We’re not the only ones.
Linux on older hardware
Lots of other groups have come up with the idea of putting Linux on
older hardware. Here is a list of all the ones we know of. If you know
of a project not on this list, please contact us.
- RULE – Run
Up2date Linux Everywhere.
- This project is active and successful. Their design goals are slightly
different than ours (they don’t insist on Windows lookalikes, for
instance) but we cover similar ground. Check out their application
- TINY Linux
- ’Tis Independence ’N Yet
- From Italy comes this minimalistic Linux distribution suitable for old computers.
- Free Geek
- This Portland group runs a computer recycling and volunteer training operation
similar to ours. They distribute
- Computerbank NSW
Based in New South Wales, Australia.
Put together by the Canadian
Linux Users’ Exchange (CLUE) this distro is remarkably similar
to ours, but based on some obsolete version of Debian.
Perhaps we plagiarized off of them?
- Damn Small Linux
Designed to be run on business-card CDs, this distro fits in 50MB of space.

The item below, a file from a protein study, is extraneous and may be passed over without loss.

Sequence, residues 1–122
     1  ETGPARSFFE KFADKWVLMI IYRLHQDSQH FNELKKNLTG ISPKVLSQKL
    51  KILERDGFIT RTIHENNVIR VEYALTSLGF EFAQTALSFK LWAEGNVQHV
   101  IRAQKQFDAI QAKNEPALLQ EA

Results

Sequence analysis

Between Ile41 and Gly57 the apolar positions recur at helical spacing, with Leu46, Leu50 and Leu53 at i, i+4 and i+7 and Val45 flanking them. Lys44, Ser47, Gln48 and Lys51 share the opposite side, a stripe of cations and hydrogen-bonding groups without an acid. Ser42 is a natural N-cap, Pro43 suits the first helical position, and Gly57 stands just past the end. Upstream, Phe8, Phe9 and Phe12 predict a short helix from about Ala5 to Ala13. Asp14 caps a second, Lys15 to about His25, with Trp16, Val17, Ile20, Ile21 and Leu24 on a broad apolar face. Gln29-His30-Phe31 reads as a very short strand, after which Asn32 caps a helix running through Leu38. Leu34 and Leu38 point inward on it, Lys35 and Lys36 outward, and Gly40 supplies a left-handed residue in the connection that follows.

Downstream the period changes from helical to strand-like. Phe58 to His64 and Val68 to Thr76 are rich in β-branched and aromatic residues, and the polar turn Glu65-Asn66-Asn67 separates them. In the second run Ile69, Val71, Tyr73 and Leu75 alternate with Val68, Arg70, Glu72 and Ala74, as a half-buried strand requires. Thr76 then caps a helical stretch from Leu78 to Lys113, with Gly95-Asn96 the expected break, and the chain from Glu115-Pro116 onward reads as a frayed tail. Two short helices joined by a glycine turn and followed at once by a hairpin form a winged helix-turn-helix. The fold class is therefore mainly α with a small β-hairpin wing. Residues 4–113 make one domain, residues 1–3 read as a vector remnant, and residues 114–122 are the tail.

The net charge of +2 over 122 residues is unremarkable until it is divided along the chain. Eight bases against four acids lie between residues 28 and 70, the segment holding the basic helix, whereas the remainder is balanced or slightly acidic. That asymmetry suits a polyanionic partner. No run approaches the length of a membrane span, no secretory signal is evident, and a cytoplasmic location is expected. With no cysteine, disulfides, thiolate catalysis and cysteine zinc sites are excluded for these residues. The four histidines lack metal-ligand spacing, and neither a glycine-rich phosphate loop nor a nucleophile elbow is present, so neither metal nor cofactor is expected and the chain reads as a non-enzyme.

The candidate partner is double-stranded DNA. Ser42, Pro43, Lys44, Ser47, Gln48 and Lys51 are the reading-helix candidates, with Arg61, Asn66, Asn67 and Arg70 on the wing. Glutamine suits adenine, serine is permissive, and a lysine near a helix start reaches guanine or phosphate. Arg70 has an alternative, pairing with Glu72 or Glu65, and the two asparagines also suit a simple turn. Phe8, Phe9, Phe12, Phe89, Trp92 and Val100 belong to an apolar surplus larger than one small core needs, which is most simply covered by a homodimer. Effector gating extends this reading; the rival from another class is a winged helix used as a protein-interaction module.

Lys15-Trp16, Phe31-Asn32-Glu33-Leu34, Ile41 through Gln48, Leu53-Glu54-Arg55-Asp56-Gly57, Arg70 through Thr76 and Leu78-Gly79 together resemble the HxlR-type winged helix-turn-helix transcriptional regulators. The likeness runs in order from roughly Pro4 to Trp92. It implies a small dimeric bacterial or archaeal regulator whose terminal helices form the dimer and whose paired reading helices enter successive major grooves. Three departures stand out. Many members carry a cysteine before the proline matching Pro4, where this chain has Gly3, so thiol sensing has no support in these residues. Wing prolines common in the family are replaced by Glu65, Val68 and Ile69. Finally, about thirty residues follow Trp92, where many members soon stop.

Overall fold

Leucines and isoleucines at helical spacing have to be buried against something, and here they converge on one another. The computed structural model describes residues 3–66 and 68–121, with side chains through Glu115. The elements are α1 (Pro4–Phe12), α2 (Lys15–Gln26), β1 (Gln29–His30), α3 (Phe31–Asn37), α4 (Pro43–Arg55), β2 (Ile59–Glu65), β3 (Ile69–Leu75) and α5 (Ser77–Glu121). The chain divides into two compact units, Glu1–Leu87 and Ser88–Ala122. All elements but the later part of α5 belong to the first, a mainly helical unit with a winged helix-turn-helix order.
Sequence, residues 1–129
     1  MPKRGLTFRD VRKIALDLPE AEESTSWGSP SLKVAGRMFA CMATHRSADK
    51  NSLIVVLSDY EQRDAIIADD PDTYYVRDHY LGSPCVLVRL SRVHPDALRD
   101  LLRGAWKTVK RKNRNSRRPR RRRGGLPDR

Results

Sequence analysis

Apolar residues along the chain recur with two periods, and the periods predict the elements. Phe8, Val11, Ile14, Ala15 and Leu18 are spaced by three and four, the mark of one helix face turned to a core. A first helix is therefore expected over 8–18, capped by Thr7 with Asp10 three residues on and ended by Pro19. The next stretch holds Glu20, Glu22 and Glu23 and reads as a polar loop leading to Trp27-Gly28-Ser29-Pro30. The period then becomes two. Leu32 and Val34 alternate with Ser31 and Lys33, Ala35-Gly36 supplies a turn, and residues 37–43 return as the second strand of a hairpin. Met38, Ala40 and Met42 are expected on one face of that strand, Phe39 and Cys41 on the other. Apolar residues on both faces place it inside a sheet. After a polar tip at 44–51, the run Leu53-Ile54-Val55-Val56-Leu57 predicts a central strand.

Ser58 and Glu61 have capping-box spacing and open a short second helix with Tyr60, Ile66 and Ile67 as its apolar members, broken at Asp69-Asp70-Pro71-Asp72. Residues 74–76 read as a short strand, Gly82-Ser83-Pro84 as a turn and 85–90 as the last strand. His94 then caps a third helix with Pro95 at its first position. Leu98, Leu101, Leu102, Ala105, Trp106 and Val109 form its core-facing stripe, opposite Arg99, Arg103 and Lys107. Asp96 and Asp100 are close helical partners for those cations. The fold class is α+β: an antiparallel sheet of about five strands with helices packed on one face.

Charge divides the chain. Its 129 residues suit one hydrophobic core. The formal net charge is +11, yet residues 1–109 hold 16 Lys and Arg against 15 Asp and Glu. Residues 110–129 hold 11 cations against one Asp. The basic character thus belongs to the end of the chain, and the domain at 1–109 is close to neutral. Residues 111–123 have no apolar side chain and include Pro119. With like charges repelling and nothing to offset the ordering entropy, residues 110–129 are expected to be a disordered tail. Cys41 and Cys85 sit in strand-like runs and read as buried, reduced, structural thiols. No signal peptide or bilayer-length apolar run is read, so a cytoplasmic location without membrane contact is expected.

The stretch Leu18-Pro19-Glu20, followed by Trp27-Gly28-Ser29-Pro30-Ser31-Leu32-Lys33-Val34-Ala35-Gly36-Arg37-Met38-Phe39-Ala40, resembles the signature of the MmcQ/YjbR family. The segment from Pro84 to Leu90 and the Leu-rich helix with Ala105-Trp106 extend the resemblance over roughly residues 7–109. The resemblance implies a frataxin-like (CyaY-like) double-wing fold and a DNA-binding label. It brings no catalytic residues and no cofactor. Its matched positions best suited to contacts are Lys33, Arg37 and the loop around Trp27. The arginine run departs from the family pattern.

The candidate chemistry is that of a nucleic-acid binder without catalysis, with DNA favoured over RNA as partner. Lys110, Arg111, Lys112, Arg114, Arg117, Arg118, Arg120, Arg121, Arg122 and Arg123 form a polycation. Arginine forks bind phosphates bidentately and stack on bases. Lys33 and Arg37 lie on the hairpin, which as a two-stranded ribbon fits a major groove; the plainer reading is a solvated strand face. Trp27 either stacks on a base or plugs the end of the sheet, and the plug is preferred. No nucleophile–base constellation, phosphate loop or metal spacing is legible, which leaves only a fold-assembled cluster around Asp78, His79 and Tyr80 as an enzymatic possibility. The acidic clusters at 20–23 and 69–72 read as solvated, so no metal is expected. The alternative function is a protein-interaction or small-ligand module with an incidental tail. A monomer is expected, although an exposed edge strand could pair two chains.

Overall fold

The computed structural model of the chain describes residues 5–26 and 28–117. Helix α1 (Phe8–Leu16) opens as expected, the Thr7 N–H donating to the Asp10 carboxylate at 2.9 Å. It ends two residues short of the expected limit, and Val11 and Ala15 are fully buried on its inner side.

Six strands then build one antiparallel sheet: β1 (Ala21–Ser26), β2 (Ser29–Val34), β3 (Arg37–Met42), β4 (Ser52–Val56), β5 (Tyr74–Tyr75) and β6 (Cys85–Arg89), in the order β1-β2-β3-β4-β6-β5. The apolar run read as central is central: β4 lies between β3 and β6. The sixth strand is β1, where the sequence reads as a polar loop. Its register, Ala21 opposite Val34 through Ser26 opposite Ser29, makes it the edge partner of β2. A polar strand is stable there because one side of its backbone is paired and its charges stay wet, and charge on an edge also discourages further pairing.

It features many lightweight applications that run on older hardware.
Related Debian-based distributions
As of a few years ago, very few distributions used Debian as a base,
and many of them failed. Now the situation has changed.
There are lots of Debian-based distros. A few of these distributions
are of particular interest to us:
Everybody loves Knoppix because of its autodetection routines, and
we do too. Unfortunately, Knoppix does not do a great job of
detecting older hardware (for example, our Trident ISA video cards).
Morphix is a spinoff of Knoppix geared towards customizability.
Its “Morphix-Lite” version is pretty exciting, but the bundled web
browser (Firebird) is totally inappropriate for our needs.
- Libranet Linux
This is a commercial variant of Debian. We find it interesting for
- Like us, they decided to use IceWM as their default window
manager/desktop, rather than using GNOME or KDE. (They actually offer
many alternatives now).
- Because they are commercial, they keep their latest release
proprietary. However, older versions of their
distribution are available for download.
The Debian website contains a
more comprehensive list of distributions based on Debian.
- The FreeDOS Project
PCs not capable of running Linux might try out FreeDOS, an MS-DOS rewrite. Some people have written SEAL, a GUI for FreeDOS as well.